The lactation consultant I saw when i was desperately trying to BF my daughter said that formula fills them up more and they like that feeling so FF babies are more likely to need to eat more to be full and therefore be overweight.
    My son was a really bad feeder from day 1 and ended up losing 30% of his birth weight and had to be formula fed (although i persevered and managed to mix feed for 10 weeks) but at 2.5 he doesn't eat a lot and never has, is as tall as some 4 year olds yet below the 75th centile for weight, so I certainly don't think formula has affected him.
    My 8 month old ended up on formula in the day from 6 weeks, and again i mix fed her for 11 weeks (she was the opposite of my son and didn't stop feeding). She was really difficult to feed when we switched to formula too, and would only take 1 or 2oz when the guide for her age/weight was saying she should be having 4oz, and she's never been that interested in milk at all. So, again, I don't have concerns that having had formula will make her overweight. She's very tall too, in 9-12 months clothes, in fact some 12-18 months stuff now, but last time she was weighed she was on the 75th centile.
    I think that what a child is fed once they are weaned has more of an impact on weight, and also genetics does too. Obviously if a child is on a diet of chips and take-aways they are more likely to be overweight regardless of how they were fed as a baby!
     
  13. There is research to suggest that, and also that length of exclusive breastfeeding also reduces the risk of obesity in later life. There will be other factors involved too as with any study on obesity, etc.
     
  14. undiwear

    undiwear New commenter

    Kittenmittens,
    All a weight chart can tell you is that 49 out of every 50 babies of the same age are bigger than yours. Heck, somebody has to be on the 2nd percentile. That is how the system works! Weight alone can't tell you much. Is your baby hitting most of her developmental milestones? Is she usually content? Barring expected childhood illnesses, is she normally healthy? Is her wieght gain inexorably on the up? These things tell you a lot more about a baby in conjuction with weight. I wonder how humanity decided if a baby was happy before the advent of modern weights and measures?
    It sounds like you were very poorly supported in the first few days post partum Kittenmittens. While regret is understandable, anger is an emotion which come to the forefront when many mothers realise how the people we entrusted to know how to support new mothers with breastfeeding turned out to be frankly pants at it. Please don't blame yourself for the bad start you had and of course your baby had to live on something and in the absence of your milk, formula it had to be.



     
  15. kittenmittens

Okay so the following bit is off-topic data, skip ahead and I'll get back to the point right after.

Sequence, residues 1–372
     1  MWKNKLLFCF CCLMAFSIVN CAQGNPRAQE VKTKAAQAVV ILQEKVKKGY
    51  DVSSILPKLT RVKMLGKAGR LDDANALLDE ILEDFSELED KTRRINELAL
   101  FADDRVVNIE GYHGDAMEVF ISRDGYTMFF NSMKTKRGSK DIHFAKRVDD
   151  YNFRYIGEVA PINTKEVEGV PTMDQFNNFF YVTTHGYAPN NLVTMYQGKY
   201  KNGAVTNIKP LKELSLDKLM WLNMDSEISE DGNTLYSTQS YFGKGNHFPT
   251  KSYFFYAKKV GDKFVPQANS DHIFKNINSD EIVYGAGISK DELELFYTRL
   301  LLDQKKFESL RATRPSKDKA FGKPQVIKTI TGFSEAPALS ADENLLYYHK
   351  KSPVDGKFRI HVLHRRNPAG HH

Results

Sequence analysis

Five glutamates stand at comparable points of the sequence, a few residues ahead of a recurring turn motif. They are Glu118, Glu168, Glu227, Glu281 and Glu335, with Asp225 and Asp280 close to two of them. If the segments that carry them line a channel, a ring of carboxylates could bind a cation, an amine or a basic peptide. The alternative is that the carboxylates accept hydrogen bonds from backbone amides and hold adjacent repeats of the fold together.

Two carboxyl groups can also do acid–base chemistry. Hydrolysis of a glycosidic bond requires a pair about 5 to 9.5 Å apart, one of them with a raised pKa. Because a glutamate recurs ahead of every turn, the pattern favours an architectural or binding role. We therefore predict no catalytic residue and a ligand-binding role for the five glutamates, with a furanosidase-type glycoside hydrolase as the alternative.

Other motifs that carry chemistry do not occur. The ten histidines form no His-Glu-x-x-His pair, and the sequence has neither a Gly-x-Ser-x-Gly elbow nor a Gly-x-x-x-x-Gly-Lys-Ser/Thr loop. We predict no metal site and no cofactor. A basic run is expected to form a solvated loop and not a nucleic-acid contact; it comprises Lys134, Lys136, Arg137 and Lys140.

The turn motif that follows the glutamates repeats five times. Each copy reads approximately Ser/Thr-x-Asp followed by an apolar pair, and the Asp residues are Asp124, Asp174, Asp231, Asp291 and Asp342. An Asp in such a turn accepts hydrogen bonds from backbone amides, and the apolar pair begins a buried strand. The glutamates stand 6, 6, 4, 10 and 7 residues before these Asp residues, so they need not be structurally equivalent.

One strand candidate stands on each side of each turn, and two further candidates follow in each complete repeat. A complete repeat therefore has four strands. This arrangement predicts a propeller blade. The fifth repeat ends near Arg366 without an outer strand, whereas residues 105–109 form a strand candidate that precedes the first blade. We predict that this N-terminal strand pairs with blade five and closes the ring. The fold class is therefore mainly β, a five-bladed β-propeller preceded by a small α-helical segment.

kittenmittens New commenter

    You are both right, I am small myself so it's to be expected that LO is little but when she's next to her peers she looks so tiny, I do wonder if she's ok! She is very happy and active and isn;t gaining any weight at the moment but HV said she didn;t need to be referred on as she looked so well, she has the usual colds etc but seems generally healthy. I will try to relax about it!
    Sorry to take over the thread!
     
  16. Chica77

    Chica77 New commenter

    Like Undiwear (i think) said, some babies have to be on the 2nd centile! My son was always on the 98th for height and weight, and he's still that for height but his weight has dropped a lot as he doesn't eat much and is very active. It has its downsides though as people are always shocked that he's 2 because he's so tall and expect so much more from him behaviour-wise. He is mainly in age 3-4 clothes and has size 9 feet and looks like a giant next to some kids his age!
    Like you say, you are small. All adults aren't the same height and weight either, so there's no reason why children should be. I'm 5'6", my husband is 6 foot, so our children were never going to be short.
    I think we had similar experiences too with BF. My son went from 7lbs 13 to 6 lbs 7 and was so, so skinny due to not thriving on BF and we didn't get the support either, and that really affected my confidence when i had baby no. 2.
     
  17. I agree that those charts are a real pain. My baby was kept under HV observation because his head circumference was on the 98th percentile when measured by the doctor at his 6 week check. She said that if it went off the chart they may have to do something. It's really odd because I immediately asked about hydrocephalus (sp?) which she ruled out and then could not say what they would be looking for?! I was really upset and got the HV to come round. Turns out he was on the 91st percentile for weight and height, so everything in proportion! They monitored his head for a while then stopped.
    I have no idea why they think it is somehow unacceptable for a baby to be at the top or the bottom of the chart - as you guys have rightly said - someone has to be! This obsession with measurement and monitoring is absolutely crazy and only serves to worry parents. Years ago they never had all of this and I can't help wonder if we were all better off!
    So Kittenmittens, please do not worry. We all come in different shapes and sizes and your daughter sounds like she is really thriving!